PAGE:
Blake Lapthorn Corporate seminar: SME's: planning today for tomorrow - 22 April 2013
A ‘living Will’ for your business:preparing for changeMichelle Harte, AssociateCorporate Finance email@example.com
Why bother? It makes good business sense. If you don’t – bigger legal fees!
Types of ‘living Wills’ for businesses Shareholders’ agreement Partnership agreement Limited liability partnership agreement Family charters
Shareholders’ Agreement (SHA) Overlap with Articles of Association. Different types of SHA and when you needthem. What they cover:– Management and operation of company.– Regulates relationship between theshareholders and company.– Provides a framework for managing expectations
Main areas: Board composition. Decision-making at board and shareholder level. Minority protection. Deadlock and dispute resolution. Distribution of profits. Issue and transfer of shares. Commitment of management team and shareholders. Incentives to management. Mission statement / exit strategy. Restrictive covenants.
Partnership Agreements No legal requirement to have one but…STRONGLY ADVISABLE! Reasons why
Main areas: Capital. Partnership property. Profits and losses. Decision-making. Internal governance. Commitment of partners.– duties, powers, restrictions, annual and other leave Retirement, death, suspension and expulsion. New partners. Dissolution.
Limited Liability Partnership Agreements Again, no legal requirement but…– STRONGLY ADVISED! Reasons why Main areas covered
Family Charters Family mission statement. Not just for the business owners. Use in conjunction with other businessagreements / ‘living Wills’.
Main areas: Family goals. Ethical considerations. Governance. Succession. Ownership of and sale of family shares. Employment of family. Communication between management and family. Dispute resolution. Support to other family members.
What you can take away from this Good business reasons to put a business ‘Will’ inplace. Watch out for businesses growing, converting to adifferent form, looking for investors, thinking aboutentering a joint venture. Client benefits– Reason for regular client contact.– 360° service to clients.– Local and readily available expert legal advice onhand.
EMI SchemeKathy Hills, SolicitorCorporate Tax firstname.lastname@example.org
Qualifying CompaniesThe company must: be independent; have gross assets less than £30m; have a UK presence; be trading; and have less than 250 employees.The aggregate limit of unexercised options in thecompany must not be more than £3m.
Qualifying EmployeeThe employee must: meet the working time requirement; and not have a material interest in the company.The maximum value of options for each employee is£250,000 in any 3 year period (only the excess over£250k is disqualified from EMI status).
The OptionsThe options: must be exercised within a 10 year period from thedate of grant; must not be over shares which are redeemable orconvertible; the exercise price should be fixed at the date of grant;and the grant must be notified to HMRC within 92 days ofthe grant.
Tax There is no charge to income tax/NICs on the grantof an option. No tax/NICs charge on exercise if exercise price isthe same as the market value (on grant). Once exercised, the exercise price becomes CGTbase cost. No minimum holding required to qualify forEntrepreneurs Relief on a sale. The ownership period now starts to be counted fromthe date of grant of the option and not the acquisitionof the shares.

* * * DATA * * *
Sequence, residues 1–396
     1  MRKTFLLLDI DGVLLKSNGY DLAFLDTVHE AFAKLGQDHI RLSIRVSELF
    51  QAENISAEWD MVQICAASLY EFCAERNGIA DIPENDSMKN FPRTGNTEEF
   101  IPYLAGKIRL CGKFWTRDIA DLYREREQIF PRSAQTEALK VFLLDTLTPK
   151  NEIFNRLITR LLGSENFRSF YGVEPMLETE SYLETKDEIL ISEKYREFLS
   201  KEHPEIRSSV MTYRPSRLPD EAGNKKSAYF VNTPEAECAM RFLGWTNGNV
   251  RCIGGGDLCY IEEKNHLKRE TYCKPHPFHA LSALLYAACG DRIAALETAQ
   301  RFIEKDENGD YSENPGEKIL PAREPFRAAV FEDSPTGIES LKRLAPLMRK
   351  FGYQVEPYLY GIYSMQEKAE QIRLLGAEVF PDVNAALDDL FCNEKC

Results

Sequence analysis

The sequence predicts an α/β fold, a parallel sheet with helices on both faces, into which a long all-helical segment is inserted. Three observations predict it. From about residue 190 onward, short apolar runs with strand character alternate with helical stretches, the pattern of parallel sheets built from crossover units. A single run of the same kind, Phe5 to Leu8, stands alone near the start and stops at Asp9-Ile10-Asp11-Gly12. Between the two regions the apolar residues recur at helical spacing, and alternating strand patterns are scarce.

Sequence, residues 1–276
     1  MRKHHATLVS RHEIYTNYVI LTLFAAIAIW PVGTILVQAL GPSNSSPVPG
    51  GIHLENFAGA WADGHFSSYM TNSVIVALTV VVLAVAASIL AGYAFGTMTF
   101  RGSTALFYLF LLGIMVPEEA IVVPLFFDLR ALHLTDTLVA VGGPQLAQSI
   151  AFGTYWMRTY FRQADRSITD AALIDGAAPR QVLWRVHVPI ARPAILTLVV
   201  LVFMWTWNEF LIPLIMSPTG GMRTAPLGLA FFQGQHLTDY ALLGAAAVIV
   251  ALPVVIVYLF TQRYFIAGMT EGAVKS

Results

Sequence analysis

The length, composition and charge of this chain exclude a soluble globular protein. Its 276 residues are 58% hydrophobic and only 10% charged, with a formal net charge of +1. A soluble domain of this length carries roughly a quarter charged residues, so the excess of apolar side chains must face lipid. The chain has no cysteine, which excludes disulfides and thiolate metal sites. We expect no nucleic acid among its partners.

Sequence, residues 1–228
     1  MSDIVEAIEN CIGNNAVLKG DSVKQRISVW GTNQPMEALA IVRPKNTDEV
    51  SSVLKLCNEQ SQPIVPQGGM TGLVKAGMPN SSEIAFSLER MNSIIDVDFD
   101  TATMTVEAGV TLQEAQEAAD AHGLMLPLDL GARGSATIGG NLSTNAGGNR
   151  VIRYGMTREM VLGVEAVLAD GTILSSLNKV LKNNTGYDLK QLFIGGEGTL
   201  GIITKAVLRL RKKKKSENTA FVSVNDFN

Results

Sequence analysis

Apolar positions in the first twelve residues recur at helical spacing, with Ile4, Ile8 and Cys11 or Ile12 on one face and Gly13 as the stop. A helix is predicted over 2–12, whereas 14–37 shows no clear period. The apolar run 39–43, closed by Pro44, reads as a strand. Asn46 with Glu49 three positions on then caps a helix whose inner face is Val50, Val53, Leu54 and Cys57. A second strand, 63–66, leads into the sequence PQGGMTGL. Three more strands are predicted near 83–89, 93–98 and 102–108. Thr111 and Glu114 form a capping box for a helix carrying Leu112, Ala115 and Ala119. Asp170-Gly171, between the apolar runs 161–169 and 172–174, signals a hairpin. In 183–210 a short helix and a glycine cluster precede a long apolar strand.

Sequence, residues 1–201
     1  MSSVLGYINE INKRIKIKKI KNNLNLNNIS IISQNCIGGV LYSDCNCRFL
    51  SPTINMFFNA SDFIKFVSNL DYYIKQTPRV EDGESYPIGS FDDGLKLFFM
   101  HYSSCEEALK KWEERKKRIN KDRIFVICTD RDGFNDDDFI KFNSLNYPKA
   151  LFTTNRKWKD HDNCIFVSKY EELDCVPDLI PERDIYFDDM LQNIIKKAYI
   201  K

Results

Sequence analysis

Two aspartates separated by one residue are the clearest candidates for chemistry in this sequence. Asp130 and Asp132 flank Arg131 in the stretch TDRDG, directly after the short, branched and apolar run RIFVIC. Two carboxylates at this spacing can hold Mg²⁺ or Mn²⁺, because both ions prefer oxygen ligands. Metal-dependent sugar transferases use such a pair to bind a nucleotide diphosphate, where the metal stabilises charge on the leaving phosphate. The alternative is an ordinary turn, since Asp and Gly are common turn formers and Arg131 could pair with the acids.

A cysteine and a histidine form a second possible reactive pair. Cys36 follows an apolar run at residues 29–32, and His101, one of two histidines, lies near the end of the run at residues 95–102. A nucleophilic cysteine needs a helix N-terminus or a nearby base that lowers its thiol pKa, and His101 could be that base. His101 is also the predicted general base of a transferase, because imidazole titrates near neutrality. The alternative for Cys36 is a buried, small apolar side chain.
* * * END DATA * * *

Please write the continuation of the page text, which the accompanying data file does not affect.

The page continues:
Disqualifying Events Events relating to the company. Events relating to the employee. Other disqualifying events.
Exercise ‘Exit only Immediate Exercise Single Vesting Vesting in Stages Vesting Subject to Performance Conditions
Points to Remember Shares must be issued in the Topco. A sub-division of shares may be necessary. Options must be notified within 92 days of the date ofgrant – otherwise the option scheme does not qualifyunder EMI. For exit-only options – there should be flexibility for acashless exercise within the scheme rules. Some changes amount to the grant of a new optionthus triggering a new valuation date.
LLP Conversion – is it for you?Michelle Harte, AssociateCorporate Finance email@example.com
What is a LLP? New (ish) form of corporate entity. More like a ltd co than a partnership? Formal incorporation process.
Limited Liability Partnership Agreement Strongly advised! Reasons why– Avoid default provisions.– Regulate your business and the relationshipbetween the business owners (members).
Converting to a LLP First steps– Liaise with advisors re: suitability for conversion.– Live an overview of the conversion process.– Advise on change in status.– Review existing terms of business.
The legal process Incorporate a LLP Transfer business and assets– third party consents– TUPE– property– tax considerations Draft the LLPA
Non-legal considerations Notification to third parties Insurance Annuitants Update website / marketing materials / engagementletters Pre-order new stationary / signage Timing and timetable
Why use Blake Lapthorn? Fixed fee package for conversion. Transparent pricing for ‘extras’. Meet with your clients to have initial talk aboutconversion process for free. Locally based and readily available legal expertise inthis area. We have acted for some of you already!